Taking a cue from Jay-Z's American Gangsta, Fabolous' fifth studio album is (very) loosely based on the 1993 Sean Penn/Al Pacino movie Carlito's Way. With the focus generally on his incredible flow and knack for wordplay, Fab is better than most at balancing bombastic street joints like "The Way" and "Salute" with syrupy radio jawns like "My Time" and "Throw It in the Bag." The album is a little too uneven to be great, sagging in the second half, but it's definitely another solid entry from one of New York's finest rappers.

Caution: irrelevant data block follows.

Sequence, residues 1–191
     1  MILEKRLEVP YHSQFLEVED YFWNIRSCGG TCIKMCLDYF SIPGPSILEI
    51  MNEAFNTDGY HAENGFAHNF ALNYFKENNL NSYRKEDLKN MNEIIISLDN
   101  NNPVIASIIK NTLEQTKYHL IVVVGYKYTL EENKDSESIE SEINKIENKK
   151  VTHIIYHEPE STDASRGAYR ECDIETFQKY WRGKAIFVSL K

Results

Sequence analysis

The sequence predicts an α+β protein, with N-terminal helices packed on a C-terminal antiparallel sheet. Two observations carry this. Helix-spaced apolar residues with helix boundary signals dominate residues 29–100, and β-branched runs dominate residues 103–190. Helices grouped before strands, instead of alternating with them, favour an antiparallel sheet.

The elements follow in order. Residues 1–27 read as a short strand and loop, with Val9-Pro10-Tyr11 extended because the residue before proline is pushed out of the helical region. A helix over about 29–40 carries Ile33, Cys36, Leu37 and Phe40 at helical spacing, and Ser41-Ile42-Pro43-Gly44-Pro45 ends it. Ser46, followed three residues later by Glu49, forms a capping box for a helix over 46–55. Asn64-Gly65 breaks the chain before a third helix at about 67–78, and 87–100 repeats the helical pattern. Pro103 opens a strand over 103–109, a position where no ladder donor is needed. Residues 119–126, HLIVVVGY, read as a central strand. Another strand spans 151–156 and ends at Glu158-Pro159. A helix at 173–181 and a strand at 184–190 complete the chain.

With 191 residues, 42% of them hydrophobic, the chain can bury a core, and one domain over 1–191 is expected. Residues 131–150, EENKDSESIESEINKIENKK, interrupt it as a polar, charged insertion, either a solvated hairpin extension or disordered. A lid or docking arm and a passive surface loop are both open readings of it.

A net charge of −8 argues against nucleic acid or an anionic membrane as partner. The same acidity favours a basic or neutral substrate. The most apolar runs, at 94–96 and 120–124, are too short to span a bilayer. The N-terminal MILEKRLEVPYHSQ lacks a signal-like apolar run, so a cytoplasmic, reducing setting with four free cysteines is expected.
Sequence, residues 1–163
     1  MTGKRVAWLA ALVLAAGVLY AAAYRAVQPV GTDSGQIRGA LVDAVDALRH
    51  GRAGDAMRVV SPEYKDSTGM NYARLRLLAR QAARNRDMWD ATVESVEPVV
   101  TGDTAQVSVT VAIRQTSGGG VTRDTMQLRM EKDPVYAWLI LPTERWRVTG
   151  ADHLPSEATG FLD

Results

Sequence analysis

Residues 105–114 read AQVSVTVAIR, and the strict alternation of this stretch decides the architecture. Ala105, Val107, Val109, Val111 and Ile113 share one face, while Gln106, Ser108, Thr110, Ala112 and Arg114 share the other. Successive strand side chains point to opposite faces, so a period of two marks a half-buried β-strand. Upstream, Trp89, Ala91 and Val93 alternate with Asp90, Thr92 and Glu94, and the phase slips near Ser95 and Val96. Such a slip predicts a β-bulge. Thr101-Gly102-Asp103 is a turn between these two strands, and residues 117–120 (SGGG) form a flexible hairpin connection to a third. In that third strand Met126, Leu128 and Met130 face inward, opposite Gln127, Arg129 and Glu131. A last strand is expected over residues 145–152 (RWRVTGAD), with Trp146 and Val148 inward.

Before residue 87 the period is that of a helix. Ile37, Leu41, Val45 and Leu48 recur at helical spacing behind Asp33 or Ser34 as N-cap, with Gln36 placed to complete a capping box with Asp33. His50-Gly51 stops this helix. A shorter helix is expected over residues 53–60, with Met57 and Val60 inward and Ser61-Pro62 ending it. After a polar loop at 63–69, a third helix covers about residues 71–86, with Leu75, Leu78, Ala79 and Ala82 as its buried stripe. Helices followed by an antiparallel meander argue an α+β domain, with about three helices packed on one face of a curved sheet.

"I used to give a f*ck / Now, I give a f*ck less," Jay-Z states on "Success," and here he's abandoned Kingdom Come's beach chair for a spot on a dirty street corner. The album is painted in washed-out grays and dark blues, drained of hooks and informed by the loss and soulful sway of soaring horns and rattling bongos. This is nostalgia as blood lust, gangster rap as social commentary, and Jay wears his politics on his sleeve throughout, aiming at Imus on "Ignorant Sh*t" and licking shots at Reagan on "Blue Magic." This is an excellent return to form.